Wednesday, April 8, 2009

Brandeis University: The Campus and its Past

The campus that Brandeis University now occupies has undergone massive growth and change in a relatively short time span. From the University’s inception, its trustees ushered in an explosion of buildings, with the most dramatic increase occurring during the 1960s. When one walks along the narrow paths from building to building today, the landscape gives no indication of having once been rural farmland and eventually a bucolic campus—for Middlesex University—dominated by a castle and a few sparsely-placed buildings. Brandeis inherited from Middlesex the following structures: The Castle, a converted stable for a library, a small crescent-shaped building with a wishing well and grape arbor nearby, a quaint farmhouse called Woodruff Hall, a rectangular dorm called Smith Hall, and the relatively new Science Hall (which came to be called Ford Hall), complete with a greenhouse. An apple orchard once stood where the science complex is currently located. Usdan Student Center was built over a city reservoir. With the exception of the Castle, all Middlesex buildings were eventually razed and many structures that were erected during Brandeis’s infancy have been altered. The master plans of Eero Saarinen and Max Abramovitz, and the buildings of Benjamin Thompson, Hugh Stubbins & Associates, and Sasaki & Associates, and the layouts of various landscapers and planners, have added layer upon layer to this bustling university on the hill.



The above image was created by Assistant Archivist Maggie McNeely using a 2004 aerial photograph of the Brandeis campus. Former buildings and places of historical significance have been marked by red dots with accompanying short descriptions. To compare this map to the current campus map, please visit http://my.brandeis.edu/map/.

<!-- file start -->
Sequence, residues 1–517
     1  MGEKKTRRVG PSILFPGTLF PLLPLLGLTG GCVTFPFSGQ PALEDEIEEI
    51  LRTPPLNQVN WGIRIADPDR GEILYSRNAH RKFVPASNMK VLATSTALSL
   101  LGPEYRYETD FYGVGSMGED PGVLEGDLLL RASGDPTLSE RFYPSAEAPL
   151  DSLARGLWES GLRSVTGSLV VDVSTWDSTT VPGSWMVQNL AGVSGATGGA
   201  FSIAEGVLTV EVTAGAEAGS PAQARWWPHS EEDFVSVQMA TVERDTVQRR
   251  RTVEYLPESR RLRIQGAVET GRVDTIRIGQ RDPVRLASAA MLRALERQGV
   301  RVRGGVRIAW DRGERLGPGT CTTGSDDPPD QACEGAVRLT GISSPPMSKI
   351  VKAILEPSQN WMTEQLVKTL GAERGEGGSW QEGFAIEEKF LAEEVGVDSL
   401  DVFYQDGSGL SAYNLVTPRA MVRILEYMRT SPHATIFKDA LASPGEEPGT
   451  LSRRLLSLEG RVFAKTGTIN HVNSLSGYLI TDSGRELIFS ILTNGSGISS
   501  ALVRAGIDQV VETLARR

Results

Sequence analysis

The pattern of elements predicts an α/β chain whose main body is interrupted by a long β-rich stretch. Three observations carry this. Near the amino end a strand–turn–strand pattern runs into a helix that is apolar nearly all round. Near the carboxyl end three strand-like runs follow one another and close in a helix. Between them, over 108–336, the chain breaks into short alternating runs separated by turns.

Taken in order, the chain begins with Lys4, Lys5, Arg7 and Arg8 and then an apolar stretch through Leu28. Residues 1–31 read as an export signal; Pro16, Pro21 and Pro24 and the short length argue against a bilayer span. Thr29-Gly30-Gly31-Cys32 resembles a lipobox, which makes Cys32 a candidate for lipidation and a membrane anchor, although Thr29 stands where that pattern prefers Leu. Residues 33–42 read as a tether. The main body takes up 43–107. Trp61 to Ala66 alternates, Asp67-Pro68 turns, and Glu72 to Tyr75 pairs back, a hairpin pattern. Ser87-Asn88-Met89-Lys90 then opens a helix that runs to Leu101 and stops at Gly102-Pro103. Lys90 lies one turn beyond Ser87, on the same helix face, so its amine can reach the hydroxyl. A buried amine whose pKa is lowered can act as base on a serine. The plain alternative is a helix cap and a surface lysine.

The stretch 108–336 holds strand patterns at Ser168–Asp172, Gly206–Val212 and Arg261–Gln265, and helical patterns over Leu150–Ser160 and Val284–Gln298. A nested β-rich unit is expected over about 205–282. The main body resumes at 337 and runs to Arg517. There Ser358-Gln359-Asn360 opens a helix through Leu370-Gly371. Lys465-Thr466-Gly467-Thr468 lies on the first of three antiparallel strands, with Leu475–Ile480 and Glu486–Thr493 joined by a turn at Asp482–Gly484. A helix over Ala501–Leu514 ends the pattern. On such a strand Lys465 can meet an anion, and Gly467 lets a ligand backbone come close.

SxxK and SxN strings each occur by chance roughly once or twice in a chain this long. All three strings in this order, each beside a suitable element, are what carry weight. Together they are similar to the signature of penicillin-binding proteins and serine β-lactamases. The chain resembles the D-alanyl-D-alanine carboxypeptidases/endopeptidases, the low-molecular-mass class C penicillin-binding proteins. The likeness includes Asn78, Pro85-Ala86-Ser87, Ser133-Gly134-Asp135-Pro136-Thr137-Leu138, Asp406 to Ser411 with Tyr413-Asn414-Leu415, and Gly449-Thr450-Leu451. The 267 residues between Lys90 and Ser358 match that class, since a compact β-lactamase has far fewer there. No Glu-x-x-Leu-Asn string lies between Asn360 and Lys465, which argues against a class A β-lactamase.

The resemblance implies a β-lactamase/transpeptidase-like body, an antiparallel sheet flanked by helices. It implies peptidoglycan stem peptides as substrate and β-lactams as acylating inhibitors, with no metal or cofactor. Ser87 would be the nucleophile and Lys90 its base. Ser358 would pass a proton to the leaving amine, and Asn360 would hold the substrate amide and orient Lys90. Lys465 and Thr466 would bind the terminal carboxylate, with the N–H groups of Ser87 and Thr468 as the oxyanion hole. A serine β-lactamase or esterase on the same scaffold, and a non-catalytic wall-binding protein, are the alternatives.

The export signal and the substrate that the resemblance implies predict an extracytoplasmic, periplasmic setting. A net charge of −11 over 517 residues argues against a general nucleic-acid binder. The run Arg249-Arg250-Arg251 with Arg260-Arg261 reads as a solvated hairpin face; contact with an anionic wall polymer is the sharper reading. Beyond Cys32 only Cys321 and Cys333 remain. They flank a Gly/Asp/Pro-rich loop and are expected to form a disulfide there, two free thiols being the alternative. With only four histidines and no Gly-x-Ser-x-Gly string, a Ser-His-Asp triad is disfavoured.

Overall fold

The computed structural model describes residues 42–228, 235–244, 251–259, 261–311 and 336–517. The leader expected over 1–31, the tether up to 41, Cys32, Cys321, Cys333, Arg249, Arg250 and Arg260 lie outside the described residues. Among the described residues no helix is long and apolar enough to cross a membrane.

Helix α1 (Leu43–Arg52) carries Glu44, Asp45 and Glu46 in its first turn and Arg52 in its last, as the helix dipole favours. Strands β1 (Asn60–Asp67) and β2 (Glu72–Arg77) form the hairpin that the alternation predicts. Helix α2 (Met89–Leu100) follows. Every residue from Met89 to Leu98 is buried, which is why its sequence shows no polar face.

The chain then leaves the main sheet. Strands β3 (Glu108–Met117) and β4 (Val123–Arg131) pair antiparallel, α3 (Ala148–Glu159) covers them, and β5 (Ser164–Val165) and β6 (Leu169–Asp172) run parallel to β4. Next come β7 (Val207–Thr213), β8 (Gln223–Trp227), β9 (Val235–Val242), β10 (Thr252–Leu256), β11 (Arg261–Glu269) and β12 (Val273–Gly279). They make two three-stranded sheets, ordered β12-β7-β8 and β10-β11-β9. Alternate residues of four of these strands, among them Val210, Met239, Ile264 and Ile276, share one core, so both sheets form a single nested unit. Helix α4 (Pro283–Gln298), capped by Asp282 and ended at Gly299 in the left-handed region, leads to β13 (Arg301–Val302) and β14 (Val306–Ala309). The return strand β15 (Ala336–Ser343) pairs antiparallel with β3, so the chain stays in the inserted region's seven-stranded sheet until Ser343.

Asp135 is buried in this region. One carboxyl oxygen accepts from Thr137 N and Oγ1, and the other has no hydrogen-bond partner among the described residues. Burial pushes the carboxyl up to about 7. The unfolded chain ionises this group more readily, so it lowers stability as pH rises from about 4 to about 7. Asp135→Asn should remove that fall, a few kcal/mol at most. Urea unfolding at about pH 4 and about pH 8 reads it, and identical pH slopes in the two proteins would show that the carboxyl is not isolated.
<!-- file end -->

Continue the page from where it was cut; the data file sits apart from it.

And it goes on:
The Archives houses important resources on the University’s architectural history; some of our favorites include the following:
  • Building a Campus: An Architectural Celebration of Brandeis University’s 50th Anniversary by Gerald S. Bernstein (1999) is the go-to resource for the history of selected campus buildings;
  • A Host At Last by Abram Sachar (1976) includes the description of the physical campus that Brandeis inherited from the perspective of its first president;
  • A 1971 senior thesis by Michael Hauptman called The Architecture of Brandeis University or "How I Spent My Summer Vacation" by Max Abramovitz offers a rather critical view of the University’s modernist, mostly brick, and crowded campus;
  • A 1972 senior thesis by Ann Lorenz called Architecture and Planning at Brandeis University is told from the perspective of a Fine Arts major; and
  • For those interested in the history of the Castle, a 1998 thesis by Amy Debra Finstein called Unlocking Doors to the Past and Future: An Architectural and Social Exploration of the Irving and Edyth Usen Castle is the best in-depth analysis of this flamboyant and mysterious building.
Archival collections that document the history and development of the Brandeis campus are also worth noting: the University Architecture Collection; the David Berkowitz Papers; the University History Collection; the Middlesex University Records; the Abram L. Sachar Presidential Papers; the University Photography Collection; and others. Please also visit our online exhibit called “Building Brandeis: Style and Function of a University” at http://tinyurl.com/bpnynp.
description by Maggie A. McNeely, Assistant Archivist

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